## Abstract

A new cloaking mechanism, which makes enclosed objects invisible to diffusive photon density waves, is proposed. First, diffusive scattering from a basic core–shell geometry, which represents the cloaked structure, is studied. The conditions of scattering cancellation in a quasi-static scattering regime are derived. These allow for tailoring the diffusivity constant of the shell enclosing the object so that the fields scattered from the shell and the object cancel each other. This means that the photon flow outside the cloak behaves as if the cloaked object were not present. Diffusive light invisibility may have potential applications in hiding hot spots in infrared thermography or tissue imaging.

## 1. Introduction

Invisibility cloaks, which were first introduced 10 years ago [1–4], are still one of the most interesting and popular applications of metamaterials [5]. They have applications in various fields of engineering, such as sensing [6] and imaging [7]. In the past few years, numerous methods were suggested to make objects invisible to electromagnetic radiation [8,9]. The first attempt can be traced back to coated ellipsoidal and spherical dielectric scatterers proposed by Kerker [10,11]. He showed that, in the static regime, some combinations of the permittivities of the coating shell and the core lead to cancellation of the fields scattered from the whole structure. Alù and Engheta further investigated the scattering cancellation technique (SCT) and showed that using a carefully designed plasmonic shell also leads to invisibility [12–14]. This technique is robust since it makes use of homogeneous layers [14], and its applicability was demonstrated by experiments [15]. Variants of the scattering cancellation technique were also investigated; these include constructing an effective coating using plasmonic nanoparticles [16,17] and mantle (ultra-thin) covers [18,19]. Additionally, other methods making use of homogenization techniques were shown to generate broadband cloaking against electromagnetic [20,21] or acoustic [22] radiation.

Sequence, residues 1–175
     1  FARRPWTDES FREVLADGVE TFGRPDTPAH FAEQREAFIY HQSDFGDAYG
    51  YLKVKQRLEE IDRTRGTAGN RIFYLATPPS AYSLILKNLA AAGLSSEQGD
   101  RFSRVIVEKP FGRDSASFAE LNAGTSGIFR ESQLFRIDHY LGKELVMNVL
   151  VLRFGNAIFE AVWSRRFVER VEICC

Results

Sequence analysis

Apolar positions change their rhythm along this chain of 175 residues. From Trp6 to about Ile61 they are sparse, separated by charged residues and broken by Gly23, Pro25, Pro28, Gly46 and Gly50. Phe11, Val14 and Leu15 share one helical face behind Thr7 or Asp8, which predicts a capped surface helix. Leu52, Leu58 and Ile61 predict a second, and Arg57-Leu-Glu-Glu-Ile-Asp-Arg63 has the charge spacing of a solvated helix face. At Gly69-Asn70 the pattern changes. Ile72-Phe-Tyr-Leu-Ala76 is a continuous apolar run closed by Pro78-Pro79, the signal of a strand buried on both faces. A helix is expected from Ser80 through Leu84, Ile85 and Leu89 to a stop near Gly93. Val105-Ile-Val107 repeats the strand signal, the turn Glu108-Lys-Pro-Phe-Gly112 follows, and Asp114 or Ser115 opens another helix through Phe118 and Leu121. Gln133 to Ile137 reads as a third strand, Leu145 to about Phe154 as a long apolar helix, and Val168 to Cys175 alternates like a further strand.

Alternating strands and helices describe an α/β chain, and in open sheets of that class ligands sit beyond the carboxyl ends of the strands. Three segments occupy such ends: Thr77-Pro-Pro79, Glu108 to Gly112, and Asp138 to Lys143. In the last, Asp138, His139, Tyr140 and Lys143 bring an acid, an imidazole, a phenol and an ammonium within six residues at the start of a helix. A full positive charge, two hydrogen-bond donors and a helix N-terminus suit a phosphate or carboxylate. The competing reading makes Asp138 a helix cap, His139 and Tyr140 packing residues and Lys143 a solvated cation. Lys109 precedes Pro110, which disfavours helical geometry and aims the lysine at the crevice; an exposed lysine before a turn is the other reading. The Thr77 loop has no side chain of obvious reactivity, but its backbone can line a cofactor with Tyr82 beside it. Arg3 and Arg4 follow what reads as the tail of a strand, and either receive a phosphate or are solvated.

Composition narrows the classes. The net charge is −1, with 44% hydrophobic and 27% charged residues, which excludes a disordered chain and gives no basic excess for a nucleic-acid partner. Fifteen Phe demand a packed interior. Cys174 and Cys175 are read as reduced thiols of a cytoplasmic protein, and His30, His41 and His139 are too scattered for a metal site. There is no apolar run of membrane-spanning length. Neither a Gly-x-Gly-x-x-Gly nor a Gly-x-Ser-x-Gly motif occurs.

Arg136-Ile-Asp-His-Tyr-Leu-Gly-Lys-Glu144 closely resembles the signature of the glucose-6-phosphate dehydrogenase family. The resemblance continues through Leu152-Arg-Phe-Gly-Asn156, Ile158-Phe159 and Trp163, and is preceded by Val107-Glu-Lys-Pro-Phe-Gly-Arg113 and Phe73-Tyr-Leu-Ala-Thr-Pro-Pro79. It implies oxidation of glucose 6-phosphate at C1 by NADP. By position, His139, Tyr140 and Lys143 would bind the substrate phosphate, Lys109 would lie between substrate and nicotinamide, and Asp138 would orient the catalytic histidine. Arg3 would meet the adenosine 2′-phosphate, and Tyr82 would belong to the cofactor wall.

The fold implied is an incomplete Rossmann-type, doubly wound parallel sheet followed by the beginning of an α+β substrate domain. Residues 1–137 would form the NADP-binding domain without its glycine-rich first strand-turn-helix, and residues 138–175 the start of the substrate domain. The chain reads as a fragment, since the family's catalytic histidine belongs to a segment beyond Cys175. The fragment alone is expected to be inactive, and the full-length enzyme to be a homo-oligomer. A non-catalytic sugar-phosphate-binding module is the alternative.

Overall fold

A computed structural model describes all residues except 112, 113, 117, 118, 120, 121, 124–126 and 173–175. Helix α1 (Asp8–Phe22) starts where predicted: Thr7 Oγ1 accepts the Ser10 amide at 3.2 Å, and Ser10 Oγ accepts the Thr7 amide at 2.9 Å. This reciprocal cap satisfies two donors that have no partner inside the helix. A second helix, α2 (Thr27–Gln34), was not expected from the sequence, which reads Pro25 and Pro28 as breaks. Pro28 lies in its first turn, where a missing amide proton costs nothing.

The scattering cancellation technique, which was originally developed for cloaking scatterers under electromagnetic excitation, as briefly described above, was successfully adapted to make objects invisible to other types of waves. Chen and co-workers [23,24] and Guild *et al.* [25,26] showed, quite simultaneously, that a spherical object could be made invisible to acoustic pressure waves by coating it with an ultra-thin shell of carefully tailored acoustic impedance. Additionally, the same technique was shown to have potential in designing invisibility cloaks for elastic [27] and thermal [28] waves.

In this work, the scattering cancellation technique is used to design cloaks for objects under excitation by diffusive photon density waves (DPDWs), i.e. light waves propagating in a turbid medium such as biological tissue and dusty/foggy air [29]. The photons propagating in such a medium experience the multiple scattering phenomenon [30]. Even though, the individual photons follow random paths, macroscopically, they behave as a density wave that is described by a Helmholtz-like partial differential equation and experience regular wave phenomena such as refraction [31] and scattering [30]. Unsurprisingly, cloaks making use of transformation optics were designed to make objects in turbid media invisible to such kind of waves [32,33]. Along the same lines, a cloak making use of the scattering cancellation technique is proposed here, for a more general diffusion equation (DPDW). To this end, first, the scattering of DPDWs from core–shell structures is studied, then the conditions of scattering cancellation in a quasi-static regime are derived. There, cloaks have promising applications in medical tissue imaging [34,35] and heat-assisted magnetic recording (HAMR-technology) [36].

## 2. Dispersion relation and Helmholtz-like equation for diffusive photon density waves

Using the first principle of thermodynamics in a closed system and in the absence of radiation and convection, one can show that the photon number density of a DPDW, *Φ*, obeys the relation ∇⋅**j**+∂*Φ*/∂*t*+*υμ*_{a}*Φ*+*υς*=0. Here, **j**, *υ*, *μ*_{a} and *ς* represent the photon current density (photon flow per unit surface and per unit time), the speed of light in the diffusive medium, the absorption coefficient and the source of photons, respectively. Using Fick's first law, i.e. the relation **j**=−*D*∇*Φ*, one can derive
*D*=*υ*/[3(*μ*_{a}+*μ*_{s})] and it simplifies to *υ*/(3*μ*_{s}) under the *P*_{1} approximation, i.e. *μ*_{a}≪*μ*_{s} [37–39], where *μ*_{s} is the scattering coefficient in the medium. Assuming a piecewise constant *D* and a time harmonic excitation (i.e. *e*^{−iωt} dependence) equation (2.1) becomes